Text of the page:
It has been a reasonably balanced, consumption-led and fiscally prudent Union Budget.
Most of the proposals are targeted at reducing inflation, improving the consumption-led demand by increasing disposable income of the masses with complete focus on fiscal prudence — be it the proposal for Rs 60,000 crore for debt waiver for farmers, the modification in threshold limits of exemption of personal income tax slabs or reduction in duties for the industrial sector.
The debt waiver will not only help farmers reduce their debt burdens, helping in the overall reformation of the agriculture sector, it will also improve the overall health of the banking system.
Some of the key proposals impacting capital markets have been:
Dividend Distribution tax benefit to Holding Companies
A key development has been the allowance to a holding company to set off the dividend received from its subsidiary company against dividend distributed by the holding company, provided the dividend received has suffered dividend distribution tax (DDT) and the parent company is not a subsidiary of another company. While this will help a lot of conglomerates having one layer of subsidiaries below them, the question that arises is why this proposal has not being extended to subsequent layers of subsidiaries, which might have been established because of multiplicity of regulators, policies, compliances for different businesses, or simply because of independent business dynamics.
Currency, Corporate Debt Market
The Finance Minister has emphasised on the development of the corporate debt market in the country. Especially those in the form of taking measures to develop the bond, currency and derivatives markets, including launching the exchange-traded currency and interest rate futures and developing a transparent and appropriately safeguarded credit derivatives market.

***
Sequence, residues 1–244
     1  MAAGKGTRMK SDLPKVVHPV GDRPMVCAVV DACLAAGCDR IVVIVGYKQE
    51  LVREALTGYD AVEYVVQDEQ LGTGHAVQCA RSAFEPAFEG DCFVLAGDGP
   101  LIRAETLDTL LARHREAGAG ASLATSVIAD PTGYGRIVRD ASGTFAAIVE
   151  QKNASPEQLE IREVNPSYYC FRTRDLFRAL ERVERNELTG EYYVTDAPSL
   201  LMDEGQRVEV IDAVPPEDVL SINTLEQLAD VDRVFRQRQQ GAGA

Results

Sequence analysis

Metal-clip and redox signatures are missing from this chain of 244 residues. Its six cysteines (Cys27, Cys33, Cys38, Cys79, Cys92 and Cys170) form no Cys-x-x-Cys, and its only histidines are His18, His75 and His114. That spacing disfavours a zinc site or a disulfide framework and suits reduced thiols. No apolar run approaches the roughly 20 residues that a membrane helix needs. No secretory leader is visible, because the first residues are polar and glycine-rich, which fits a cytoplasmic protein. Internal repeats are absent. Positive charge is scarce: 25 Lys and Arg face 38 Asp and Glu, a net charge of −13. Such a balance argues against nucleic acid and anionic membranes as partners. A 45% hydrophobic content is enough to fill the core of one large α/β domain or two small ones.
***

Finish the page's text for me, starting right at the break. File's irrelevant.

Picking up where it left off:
Enhancing the trading of domestic convertible bonds by putting in place a mechanism that will enable investors to separate the embedded equity option from the convertible bond and trade it separately will encourage the development of a market-based system for classifying financial instruments based on their complexity and implicit risks.
Further measures like exemption of corporate debt instruments issued in demat form and listed on recognised stock exchanges from tax deducted at source is a step in right direction.
While the increase in rates of short term capital gains tax from 10% to 15% and treatment of securities transaction tax as an expense and not as an advance tax may sound like negative news for the market, most reforms initiated by the finance minister will go a long way in providing impetus in the overall growth of the economy.